The same goes for the gaming controller, which is more matte and chunkier in shape and feel, but also serves as a remote for the SHIELD. In addition to adjusting the volume in the same sliding manner, you can summon Google Assistant, navigate through menus, and also plug in headphones for private listening to whatever media is on the screen.
As far as the cable situation is concerned, there aren’t too many moving parts. Powering up the device just requires plugging in the power adapter and connecting an HDMI cable from the HDMI ports in the SHIELD to your TV. There was no HDMI cord in the box, which does seem like something that could have been included given the price of the device.
Once we plugged in the appropriate HDMI and power cords, the TV automatically sensed the device, turned on, and the setup started immediately. The process does require clicking through several prompts, and it’s probably more involved than the average streaming device. That has a lot to do with the fact that this is an Android TV and it requires you set it up with a Google account.
Since the remote paired automatically, we found it easy to navigate through the steps, which started with choosing a language, the option to complete setup on an Android phone or tablet, and connecting to a Wi-Fi network.
You can register your device on a phone or laptop by going to the provided Android TV setup URL. The SHIELD provides an activation code and you’re prompted to log in to your Google account. Once you do, you’re signed in on your TV.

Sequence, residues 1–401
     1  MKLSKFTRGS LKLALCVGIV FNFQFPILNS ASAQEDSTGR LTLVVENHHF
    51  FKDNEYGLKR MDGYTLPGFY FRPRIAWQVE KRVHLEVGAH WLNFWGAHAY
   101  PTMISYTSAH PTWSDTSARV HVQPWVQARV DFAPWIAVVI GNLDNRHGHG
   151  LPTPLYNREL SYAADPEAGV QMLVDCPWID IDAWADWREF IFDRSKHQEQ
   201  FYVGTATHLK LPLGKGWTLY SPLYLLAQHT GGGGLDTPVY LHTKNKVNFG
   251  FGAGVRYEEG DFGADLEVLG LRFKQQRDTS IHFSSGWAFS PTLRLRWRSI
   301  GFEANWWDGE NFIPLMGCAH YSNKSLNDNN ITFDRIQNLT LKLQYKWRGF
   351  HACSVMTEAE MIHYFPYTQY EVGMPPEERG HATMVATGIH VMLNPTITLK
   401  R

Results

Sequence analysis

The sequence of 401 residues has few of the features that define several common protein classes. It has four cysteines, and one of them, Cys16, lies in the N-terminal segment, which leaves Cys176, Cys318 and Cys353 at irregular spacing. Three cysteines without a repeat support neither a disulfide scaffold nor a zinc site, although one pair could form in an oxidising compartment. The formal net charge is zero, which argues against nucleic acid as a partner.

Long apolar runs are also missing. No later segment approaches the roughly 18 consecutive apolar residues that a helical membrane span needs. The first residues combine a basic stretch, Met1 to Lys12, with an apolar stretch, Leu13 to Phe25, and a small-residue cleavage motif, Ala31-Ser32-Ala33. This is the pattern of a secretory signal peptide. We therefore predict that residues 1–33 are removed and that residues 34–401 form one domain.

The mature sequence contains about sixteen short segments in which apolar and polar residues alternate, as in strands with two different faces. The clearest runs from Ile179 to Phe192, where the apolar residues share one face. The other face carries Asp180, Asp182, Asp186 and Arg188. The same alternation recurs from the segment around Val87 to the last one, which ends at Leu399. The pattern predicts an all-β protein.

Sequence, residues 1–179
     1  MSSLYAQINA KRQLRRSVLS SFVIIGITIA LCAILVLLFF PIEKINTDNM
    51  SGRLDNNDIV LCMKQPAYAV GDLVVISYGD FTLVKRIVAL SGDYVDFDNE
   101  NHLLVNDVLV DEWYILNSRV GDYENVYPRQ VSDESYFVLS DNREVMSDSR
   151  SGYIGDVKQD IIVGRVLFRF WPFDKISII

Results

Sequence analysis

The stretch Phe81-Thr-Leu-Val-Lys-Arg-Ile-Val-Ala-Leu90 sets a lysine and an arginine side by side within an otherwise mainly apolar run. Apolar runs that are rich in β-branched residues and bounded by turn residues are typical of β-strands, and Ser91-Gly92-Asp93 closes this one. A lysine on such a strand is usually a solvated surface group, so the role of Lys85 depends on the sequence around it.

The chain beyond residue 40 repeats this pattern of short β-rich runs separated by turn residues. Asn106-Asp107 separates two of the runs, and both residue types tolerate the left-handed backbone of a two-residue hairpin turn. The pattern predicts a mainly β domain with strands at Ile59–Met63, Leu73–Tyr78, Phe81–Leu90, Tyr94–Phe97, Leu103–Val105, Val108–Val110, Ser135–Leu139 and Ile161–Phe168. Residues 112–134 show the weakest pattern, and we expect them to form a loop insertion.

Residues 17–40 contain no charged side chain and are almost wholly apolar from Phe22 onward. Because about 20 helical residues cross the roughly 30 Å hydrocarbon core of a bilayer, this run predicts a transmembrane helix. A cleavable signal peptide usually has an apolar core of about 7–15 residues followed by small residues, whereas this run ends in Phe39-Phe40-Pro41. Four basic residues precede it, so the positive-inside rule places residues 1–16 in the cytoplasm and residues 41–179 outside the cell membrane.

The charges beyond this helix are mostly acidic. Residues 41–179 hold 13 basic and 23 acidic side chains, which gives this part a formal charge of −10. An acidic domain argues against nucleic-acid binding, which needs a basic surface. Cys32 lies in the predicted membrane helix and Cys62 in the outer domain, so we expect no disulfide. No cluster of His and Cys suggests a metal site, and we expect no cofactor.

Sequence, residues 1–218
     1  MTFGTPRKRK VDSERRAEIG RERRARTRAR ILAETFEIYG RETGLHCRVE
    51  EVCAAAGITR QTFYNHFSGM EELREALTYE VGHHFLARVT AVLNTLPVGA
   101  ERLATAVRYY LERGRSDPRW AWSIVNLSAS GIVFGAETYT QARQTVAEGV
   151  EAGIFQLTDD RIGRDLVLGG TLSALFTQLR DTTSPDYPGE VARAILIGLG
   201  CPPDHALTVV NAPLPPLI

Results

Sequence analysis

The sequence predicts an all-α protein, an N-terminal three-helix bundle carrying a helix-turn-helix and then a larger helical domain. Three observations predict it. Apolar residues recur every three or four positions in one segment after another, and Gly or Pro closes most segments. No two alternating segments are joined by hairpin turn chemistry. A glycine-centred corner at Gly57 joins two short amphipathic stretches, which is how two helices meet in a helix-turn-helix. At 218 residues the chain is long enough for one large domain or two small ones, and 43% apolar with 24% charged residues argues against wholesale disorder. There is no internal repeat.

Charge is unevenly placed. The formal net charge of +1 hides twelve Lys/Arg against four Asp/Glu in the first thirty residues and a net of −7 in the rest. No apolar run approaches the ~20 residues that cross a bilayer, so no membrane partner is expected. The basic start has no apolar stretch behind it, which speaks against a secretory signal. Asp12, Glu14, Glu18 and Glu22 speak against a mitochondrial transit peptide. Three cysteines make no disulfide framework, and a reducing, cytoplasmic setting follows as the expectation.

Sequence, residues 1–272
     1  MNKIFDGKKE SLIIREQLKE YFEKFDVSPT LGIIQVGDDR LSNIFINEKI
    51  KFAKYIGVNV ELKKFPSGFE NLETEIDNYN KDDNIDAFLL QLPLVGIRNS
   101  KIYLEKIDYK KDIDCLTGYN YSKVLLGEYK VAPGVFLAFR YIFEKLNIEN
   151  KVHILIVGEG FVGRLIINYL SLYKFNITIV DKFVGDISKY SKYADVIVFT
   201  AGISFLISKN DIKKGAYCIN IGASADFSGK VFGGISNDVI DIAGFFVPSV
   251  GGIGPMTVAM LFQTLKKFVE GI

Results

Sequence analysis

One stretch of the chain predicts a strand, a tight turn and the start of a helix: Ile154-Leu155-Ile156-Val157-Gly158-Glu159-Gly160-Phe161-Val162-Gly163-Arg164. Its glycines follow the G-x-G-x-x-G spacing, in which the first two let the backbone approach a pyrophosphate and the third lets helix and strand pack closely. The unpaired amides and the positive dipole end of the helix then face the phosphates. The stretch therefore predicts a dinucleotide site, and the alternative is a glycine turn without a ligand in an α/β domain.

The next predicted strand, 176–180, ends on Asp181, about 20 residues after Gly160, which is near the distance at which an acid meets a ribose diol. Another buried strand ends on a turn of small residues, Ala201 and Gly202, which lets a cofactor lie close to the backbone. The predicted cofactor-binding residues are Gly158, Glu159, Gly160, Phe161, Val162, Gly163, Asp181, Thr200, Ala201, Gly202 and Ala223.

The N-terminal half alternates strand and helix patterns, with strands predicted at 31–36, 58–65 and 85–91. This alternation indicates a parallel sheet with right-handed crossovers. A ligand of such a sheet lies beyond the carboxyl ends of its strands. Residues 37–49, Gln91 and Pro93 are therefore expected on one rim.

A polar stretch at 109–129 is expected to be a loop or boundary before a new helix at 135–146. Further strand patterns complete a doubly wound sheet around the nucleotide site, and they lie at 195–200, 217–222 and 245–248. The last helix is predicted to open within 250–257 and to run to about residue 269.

Once you accept, you’re asked to decide on other preferences, like whether you want to give apps access to your location information, send diagnostic and usage info to Google, and also agree to NVIDIA licensing terms.
At this point, you’re able to start assembling the apps you want beyond the pre-installed programs, which are YouTube, Netflix, and Plex.
Finding, arranging, downloading, and deleting content is straightforward and painless.
You’ll then get a tour of what the remote and game controller can do, which is helpful to pay attention to since this information isn’t included in the quick start or support guides. Following this presentation, the system informed us that upgrades and an OS update were available. It took about two minutes for these updates to install.
Following these updates, we were given run-downs of Google Assistant capability as well as a step-by-step look at the device as a whole, including all the buttons, menus, and main functions.
When we thought we were done, there was another screen telling us what was upgraded in the most recent SHIELD update 7.2.3. This seems like a lot of information out of the gate, but we appreciated the availability.
Finally, we were asked if we wanted to enable auto upgrades for the latest system updates. This struck us as a bit odd since many other streaming players just perform these upgrades automatically.
From start to finish, set up took about 30 minutes. And while it wasn’t difficult, it did seem like screen after screen of options and updates.